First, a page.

Victorian carved oak armchair / library chair (Ref: TSP1047)
Traditional upholstery is a laborious process that requires skill and paying particular attention to form and detail. The end result of this quality workmanship is an item of upholstered furniture that is pleasing to the eye, comfortable, functional and durable.
The upholstery process
The process of traditional upholstery involves a series of steps applied in a defined sequence. Yet, every individual type of antique seating would need to be approached differently. read more.....
Caring for your item
Antique furniture restoration and re-upholstering are both expensive. Here are a few tips to protect your item as much as possible:
Always handle the item with care especially when recalling the age of the item dating to the 1800s and early 1900s for Regency, William IV, Victorian and Edwardian items. read more.....
Traditional upholstery is a laborious process that requires skill and paying particular attention to form and detail. The end result of this quality workmanship is an item of upholstered furniture that is pleasing to the eye, comfortable, functional and durable. It is much more complicated than modern foam-based upholstery, which is never to be used on antique furniture.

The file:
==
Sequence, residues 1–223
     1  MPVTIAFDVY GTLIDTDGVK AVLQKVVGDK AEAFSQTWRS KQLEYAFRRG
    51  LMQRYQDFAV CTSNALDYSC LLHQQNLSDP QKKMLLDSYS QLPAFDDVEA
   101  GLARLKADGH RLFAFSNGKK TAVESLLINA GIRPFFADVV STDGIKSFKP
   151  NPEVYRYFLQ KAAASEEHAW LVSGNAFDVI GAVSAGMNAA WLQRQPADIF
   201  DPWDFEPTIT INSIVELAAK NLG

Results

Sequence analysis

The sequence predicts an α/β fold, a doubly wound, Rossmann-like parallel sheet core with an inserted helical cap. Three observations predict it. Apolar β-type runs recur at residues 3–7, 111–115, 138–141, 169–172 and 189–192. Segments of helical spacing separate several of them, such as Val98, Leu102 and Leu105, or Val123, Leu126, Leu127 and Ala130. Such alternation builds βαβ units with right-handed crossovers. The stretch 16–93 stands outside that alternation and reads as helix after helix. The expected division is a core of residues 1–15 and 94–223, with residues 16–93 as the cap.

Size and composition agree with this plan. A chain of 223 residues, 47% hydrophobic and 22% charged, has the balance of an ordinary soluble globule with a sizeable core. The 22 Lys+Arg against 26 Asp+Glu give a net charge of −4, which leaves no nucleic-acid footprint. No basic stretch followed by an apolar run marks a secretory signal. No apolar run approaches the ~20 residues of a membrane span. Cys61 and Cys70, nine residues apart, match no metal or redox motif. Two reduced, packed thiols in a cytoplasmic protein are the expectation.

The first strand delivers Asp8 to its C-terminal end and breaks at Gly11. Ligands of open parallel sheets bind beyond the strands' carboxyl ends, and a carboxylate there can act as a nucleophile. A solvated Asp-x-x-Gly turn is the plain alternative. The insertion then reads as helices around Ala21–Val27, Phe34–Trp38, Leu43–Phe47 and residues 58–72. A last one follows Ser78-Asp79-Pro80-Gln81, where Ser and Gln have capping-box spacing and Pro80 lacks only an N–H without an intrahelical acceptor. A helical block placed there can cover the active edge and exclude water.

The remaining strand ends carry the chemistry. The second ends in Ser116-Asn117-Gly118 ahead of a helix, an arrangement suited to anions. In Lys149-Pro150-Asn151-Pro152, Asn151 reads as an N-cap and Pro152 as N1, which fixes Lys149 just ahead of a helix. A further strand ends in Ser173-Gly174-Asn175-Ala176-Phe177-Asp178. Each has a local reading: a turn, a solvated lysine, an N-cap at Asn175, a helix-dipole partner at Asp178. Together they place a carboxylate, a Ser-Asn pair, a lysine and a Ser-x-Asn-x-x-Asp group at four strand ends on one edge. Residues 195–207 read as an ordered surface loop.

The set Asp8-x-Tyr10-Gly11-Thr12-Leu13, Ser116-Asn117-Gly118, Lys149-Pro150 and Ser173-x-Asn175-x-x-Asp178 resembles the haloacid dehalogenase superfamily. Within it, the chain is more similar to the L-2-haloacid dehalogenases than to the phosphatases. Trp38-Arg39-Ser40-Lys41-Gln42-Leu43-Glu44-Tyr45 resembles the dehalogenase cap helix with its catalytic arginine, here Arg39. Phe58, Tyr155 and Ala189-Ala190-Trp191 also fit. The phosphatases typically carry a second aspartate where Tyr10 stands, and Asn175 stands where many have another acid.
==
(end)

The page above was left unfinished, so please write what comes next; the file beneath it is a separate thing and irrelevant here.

Over the centuries, traditional upholstery techniques have evolved from the basic fixed padding using all sorts of stuffing in the seventeenth century to greater refinement of technique in later years to achieve more elegant and defined shapes by securing the stuffing in twine ties, tufting and using edge rolls.
Expertly executed upholstery was applied in the eighteenth century and became more intricate both in form and technique during the nineteenth century when more emphasis was placed on creating comfortable upholstered seating. The nineteenth century saw an improvement in edge stitching, the introduction of springing, lashing, deep buttoning, and increased top covering decoration as a result of changing fashions and chair frames. Following the opulent luxury typical of the Victorian era, a return to simple upholstery is seen at the turn of the century during the Arts and Crafts movement such as pin stuffed upholstery and simpler lines.
To this day, the techniques and hand tools similar to what would have been used during the nineteenth century are more or less still applied for re-upholstering antique seating furniture. Different natural materials and fillings are used nowadays that comply with fire retardancy requirements.
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